23 24 NOVEMBER 2022 Food&Drink Photographs: Mowie Kay , Food styling: Jennifer Joyce, Styling: Tony Hutchinson, Art direction: Pippa Paine Serves 2 Ready in 25 minutes Cook the burgers according to pack instructions. Meanwhile, mix the shredded vegetables and radishes from the side salad with the white soured cream from the dip trio to make a slaw. Split the brioche buns and toast the cut sides. Spread the base of each roll with guacamole from the dip selection, top with some salad leaves, the burger, slaw and tomato salsa before adding the top of the roll. Serve with any remaining salad and slaw on the side. SHORT CUTS TexMex-inspired burgers & slaw GoVeggie: Spiced Bean Burgers Rainbow side salad Vine ripened tomato salsa, guacamole, sour cream & chive Heston from Waitrose 2 Brioche Burger Buns OurVery Best Dine In ForTwo O er ends 7 February 2023. Selected lines only. Subject to availability. No.1 Parmigiano Reggiano & Tru e Chicken Kiev £8.80/530g No.1 Salted Caramel & Chocolate Pro teroles £4/6s No.1 Triple Cooked Chips £3.50/400g Friday fakeaway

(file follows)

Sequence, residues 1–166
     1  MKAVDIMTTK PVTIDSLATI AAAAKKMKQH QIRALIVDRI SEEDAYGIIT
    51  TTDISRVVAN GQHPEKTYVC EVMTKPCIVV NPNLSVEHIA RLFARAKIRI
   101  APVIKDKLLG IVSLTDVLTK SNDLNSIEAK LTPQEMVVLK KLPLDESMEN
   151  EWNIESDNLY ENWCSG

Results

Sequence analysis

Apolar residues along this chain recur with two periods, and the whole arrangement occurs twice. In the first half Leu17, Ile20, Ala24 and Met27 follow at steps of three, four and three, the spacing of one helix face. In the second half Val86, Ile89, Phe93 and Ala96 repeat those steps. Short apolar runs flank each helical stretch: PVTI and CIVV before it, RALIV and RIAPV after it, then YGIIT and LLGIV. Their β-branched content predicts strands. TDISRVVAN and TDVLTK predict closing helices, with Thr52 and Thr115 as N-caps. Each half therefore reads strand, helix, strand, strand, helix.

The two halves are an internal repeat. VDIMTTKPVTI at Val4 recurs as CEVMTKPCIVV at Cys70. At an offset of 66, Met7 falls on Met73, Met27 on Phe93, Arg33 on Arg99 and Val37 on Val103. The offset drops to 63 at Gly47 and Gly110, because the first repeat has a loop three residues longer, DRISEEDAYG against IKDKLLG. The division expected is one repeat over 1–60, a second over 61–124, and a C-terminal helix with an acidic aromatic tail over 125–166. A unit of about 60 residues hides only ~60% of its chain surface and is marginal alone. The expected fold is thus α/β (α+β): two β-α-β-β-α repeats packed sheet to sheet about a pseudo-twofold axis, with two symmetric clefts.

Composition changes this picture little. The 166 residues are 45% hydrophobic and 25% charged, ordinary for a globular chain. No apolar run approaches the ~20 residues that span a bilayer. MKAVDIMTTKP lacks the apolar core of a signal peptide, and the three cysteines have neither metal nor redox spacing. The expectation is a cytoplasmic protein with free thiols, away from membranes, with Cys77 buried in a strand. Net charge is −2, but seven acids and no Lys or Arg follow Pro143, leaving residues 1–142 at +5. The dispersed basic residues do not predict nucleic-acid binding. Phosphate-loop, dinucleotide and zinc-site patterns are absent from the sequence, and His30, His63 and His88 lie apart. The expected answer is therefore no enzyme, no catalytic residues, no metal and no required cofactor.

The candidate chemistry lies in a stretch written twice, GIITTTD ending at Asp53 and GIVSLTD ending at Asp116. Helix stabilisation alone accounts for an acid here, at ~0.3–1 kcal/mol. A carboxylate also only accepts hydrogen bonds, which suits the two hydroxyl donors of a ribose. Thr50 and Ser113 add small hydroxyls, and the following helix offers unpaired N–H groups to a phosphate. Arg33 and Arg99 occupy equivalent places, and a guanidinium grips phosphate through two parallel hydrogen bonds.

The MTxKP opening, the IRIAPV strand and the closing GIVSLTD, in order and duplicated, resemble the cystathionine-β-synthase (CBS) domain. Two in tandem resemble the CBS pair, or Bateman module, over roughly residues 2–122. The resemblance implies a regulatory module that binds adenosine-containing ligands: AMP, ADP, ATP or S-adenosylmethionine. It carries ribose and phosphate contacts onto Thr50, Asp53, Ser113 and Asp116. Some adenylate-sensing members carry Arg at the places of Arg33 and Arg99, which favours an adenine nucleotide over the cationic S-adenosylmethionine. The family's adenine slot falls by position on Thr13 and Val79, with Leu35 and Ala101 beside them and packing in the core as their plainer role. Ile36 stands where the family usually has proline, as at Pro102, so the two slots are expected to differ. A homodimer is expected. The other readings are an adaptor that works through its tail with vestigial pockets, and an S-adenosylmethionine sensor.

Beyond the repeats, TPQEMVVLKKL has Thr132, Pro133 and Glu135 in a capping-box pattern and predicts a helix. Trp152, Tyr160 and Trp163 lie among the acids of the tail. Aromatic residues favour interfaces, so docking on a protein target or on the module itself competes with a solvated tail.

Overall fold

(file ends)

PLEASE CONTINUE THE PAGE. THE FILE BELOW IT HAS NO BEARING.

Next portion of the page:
24 NOVEMBER 2022 25 Food&Drink Serves 2 Prepare 15 minutes Cook 10 minutes 200g leftover roast potatoes, at room temperature ¼ tsp sweet smoked paprika 1 head Essential Spring Greens 2 tsp extra virgin olive oil, plus extra for frying 1 clove garlic, nely grated 2 British Blacktail Free Range Medium Eggs 2 tbsp garlic mayonnaise 1 tbsp hot chipotle ketchup Pinch cayenne pepper 1 Preheat the oven to 230ºC, gas mark 8. Cut the potatoes into bitesized pieces and spread out on a baking tray. Dust with the paprika and toss well. Place in the hot oven for 7 minutes. 2 Meanwhile, shred the greens into 1cm ribbons and wash in warm water. Shake dry. Heat the oil in a large frying pan and add the garlic. Cook over a medium heat, until just fragrant. Add the greens and stir fry for 4-5 minutes, until wilted and hot. Set aside and Twice-roasted potatoes with greens, chipotle garlic aïoli & fried eggs Cold roast potatoes. Is there a leftover that elicits quite the same response? People tell me they actually prefer the cold leftovers to the original dish, and they are always a welcome addition to the fridge. There’s so much you can do with them, and they fit into meals with an ease that few leftovers can claim. This week, I’ve explored some options that show o their versatility – crispy chunks in a brunch dish, as a topping for a fish pie (full credit for that brilliant idea tomy editor, Alison), in a frittata and finally, eaten straight, with delicious things to dip into. All of which surely are reason enough tomake extra roast potatoes on purpose next time. @ellypear ROAST POTATOES Too good towaste withElly Curshen keep warm. Fry the eggs in the same pan, using a good amount of hot oil for crispy edges and runny yolks. 3 Mix the garlic mayonnaise with the chipotle ketchup. Divide the greens between 2 plates and top with the hot crispy potatoes. Drizzle with a spoon of the aïoli and sit the fried eggs on top. Season with a dusting of cayenne pepper and a pinch of sea salt akes. Serve with the extra sauce on the side. Per serving 1346kJ/323kcals/19g fat/2.6g saturated fat/25g carbs/6.8g sugars/6.1g bre/10g protein/0.7g salt/ 1 of your 5 a day 1Cold roast potatoes make a great topping for a sh pie. Slice them about 1cm thick, mix with grated parmesan and Cheddar and scatter handfuls over your favourite sh pie lling to give an amazing crunchy texture, with lots of crispy edges. Bake until piping hot, golden and crunchy. 2Many people say not much beats eating cold, leftover roast potatoes standing at the fridge door. You need punchiness (spice, sharpness, smoky avours etc) when picking a great thing to dip them into – hot gravy, creamed horseradish, nutty dukkah, chilli sauce and English mustard are all fabulous. If you do want to reheat, a quick blast on a baking tray at 230ºC, gas mark 8 will give hot, crispy spuds. In a rush? Cut them small to speed things up. 3 Frittatas are a wonderful use of all sorts of leftovers – slice leftover roast potatoes and fry in olive oil and butter until hot and crispy, then add beaten eggs, a big handful of grated cheese (mixed is ne), plenty of seasoning and whatever leftover cooked vegetables you have that need using up, such as chopped cooked broccoli or cooked peas and carrots. S C A N T HI S CODE F OR MOR E R E CI P E S Photographs: Hannah Hughes, Food styling: Joss Herd, Styling: Wei Tang ELLY’S TIP Use a mixture of mayonnaise and sriracha as a good alternative for aïoli and the hot chipotle ketchup. MORE LEFTOVER IDEAS